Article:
Rasheed (formerly Olegs) Tucs (33, sterile processing technician)
I’m from Latvia. I converted to Islam in 2010. My generation was raised to a certain extent in the Soviet Union. It was a system with its own ideology, in which religion was marginalized. People were discouraged from taking part in any kind of religious services. We were raised in a very rational environment.
In 2006, I met a woman who I fell in love with and I proposed to her. She told me that she had a condition as she was Catholic. She said, “The only way I’m going to marry is in church”. And I said, “I love you, I will do it for you”. It was a bit complicated to become a Catholic, but it gave me a new perspective on the world. My world had been very materialistic, very scientifically oriented.
We got married and the love story continued. But my wife became quite seriously sick with malaria. I started to pray, not like a Catholic because I didn’t care much – it was just a perspective, not a faith. I started to ask someone, something, to make her live and to make us go on. Thank God, she got well. This was the first time I really prayed.
We were going on holidays to Latin America and we had to change flights in Istanbul. On the plane, I got a severe eye infection, conjunctivitis. In two hours I couldn’t see anything. In the middle of a flight, it’s a bit scary.
We had to disembark in Istanbul and go to the doctor. I woke up in the early morning and heard something nice, which was the call to prayer. My antibiotics had worked, my eyes were clear. Then you start thinking, ‘What is it?’ I did a bit of research into all the religions, because I had a whole new perspective for seeing things. During this time, Islam was the message which seemed to me without conflict.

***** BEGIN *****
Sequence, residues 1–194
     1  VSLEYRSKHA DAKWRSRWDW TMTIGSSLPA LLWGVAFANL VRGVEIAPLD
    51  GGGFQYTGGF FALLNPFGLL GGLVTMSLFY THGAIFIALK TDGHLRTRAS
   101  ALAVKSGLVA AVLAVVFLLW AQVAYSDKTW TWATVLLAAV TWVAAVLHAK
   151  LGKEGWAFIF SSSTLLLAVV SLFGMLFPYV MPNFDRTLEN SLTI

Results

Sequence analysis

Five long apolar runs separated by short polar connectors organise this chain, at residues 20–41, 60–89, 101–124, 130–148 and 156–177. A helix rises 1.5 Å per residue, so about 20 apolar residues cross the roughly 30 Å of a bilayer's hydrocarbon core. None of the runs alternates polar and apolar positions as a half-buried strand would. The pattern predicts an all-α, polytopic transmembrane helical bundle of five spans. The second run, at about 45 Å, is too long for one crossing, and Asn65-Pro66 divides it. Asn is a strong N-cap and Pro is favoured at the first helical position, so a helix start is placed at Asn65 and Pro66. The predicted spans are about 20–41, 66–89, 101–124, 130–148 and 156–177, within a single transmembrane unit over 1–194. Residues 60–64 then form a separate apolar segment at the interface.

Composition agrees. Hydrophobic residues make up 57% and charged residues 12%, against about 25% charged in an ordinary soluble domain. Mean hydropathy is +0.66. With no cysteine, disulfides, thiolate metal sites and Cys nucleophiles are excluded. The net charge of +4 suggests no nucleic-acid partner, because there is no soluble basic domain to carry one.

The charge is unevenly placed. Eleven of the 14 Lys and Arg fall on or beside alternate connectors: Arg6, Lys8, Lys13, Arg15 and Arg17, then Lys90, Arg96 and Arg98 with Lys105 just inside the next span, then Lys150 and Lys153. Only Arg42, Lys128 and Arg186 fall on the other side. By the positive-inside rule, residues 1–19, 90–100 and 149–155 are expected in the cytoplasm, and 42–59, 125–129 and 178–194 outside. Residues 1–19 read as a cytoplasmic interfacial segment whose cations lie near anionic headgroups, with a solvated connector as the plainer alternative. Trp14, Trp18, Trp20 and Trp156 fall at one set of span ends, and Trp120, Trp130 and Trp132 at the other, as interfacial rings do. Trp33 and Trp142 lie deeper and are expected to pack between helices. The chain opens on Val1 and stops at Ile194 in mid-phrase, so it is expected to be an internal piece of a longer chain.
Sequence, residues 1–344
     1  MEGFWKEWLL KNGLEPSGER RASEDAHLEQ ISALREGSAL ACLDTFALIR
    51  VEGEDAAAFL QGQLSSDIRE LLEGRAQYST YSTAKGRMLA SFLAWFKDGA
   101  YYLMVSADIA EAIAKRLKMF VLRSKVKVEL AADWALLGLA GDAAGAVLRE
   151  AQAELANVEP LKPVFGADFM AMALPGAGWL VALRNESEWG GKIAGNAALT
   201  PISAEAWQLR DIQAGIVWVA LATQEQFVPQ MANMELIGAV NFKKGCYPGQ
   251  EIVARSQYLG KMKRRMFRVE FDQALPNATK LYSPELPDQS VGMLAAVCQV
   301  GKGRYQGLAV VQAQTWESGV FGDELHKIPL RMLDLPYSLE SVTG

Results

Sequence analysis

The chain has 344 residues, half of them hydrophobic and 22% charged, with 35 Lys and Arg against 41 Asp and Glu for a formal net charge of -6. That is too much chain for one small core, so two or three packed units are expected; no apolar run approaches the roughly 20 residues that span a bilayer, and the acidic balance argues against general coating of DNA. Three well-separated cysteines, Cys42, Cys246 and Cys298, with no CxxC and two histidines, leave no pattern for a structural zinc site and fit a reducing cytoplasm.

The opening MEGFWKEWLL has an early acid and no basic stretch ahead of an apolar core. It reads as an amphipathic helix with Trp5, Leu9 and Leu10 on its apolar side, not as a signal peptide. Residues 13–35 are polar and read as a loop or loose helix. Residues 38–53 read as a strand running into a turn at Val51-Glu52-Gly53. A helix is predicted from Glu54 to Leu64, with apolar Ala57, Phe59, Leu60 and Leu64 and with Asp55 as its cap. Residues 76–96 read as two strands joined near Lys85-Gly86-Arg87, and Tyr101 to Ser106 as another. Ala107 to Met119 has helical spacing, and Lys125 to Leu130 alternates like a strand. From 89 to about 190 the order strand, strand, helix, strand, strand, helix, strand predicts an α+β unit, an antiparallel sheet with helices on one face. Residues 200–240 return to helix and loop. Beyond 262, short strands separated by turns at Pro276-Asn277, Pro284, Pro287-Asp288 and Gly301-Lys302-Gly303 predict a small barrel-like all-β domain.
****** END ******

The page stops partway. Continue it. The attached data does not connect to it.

You have to conform to certain standards. In Islam, it’s said that the only purpose of humans is to worship God. At first you may think that worshipping God is praying five times a day. But actually, worshipping doesn’t mean only praying – it means being a good custodian of the planet. Recycling, buying local or fair-trade food is a way of worship because you are doing the right thing.
A very sensitive issue would be the prohibition of alcohol and all the mind-altering substances. In Islam, it’s said that God has given us a mind and an ability to think and an ability to make a decision, so if we deliberately impair that, we are denying the gift. I used to drink. Eventually, this wish to have a drink or a cigarette, it wore off.
I consider this time as being in search of something; a search for knowledge and a search for the way. It’s Islam that brought me here. I was an embryologist in IVF clinics in Nairobi, and the work was not compatible with the religion, so we had to look for something else.
In Ireland, there are a number of local mosques and cultural centres. In Latvia, there is only one mosque for the whole country. People are good here. Ireland is very friendly to outsiders. In Latvia, people from other societies are still looked at with great suspicion.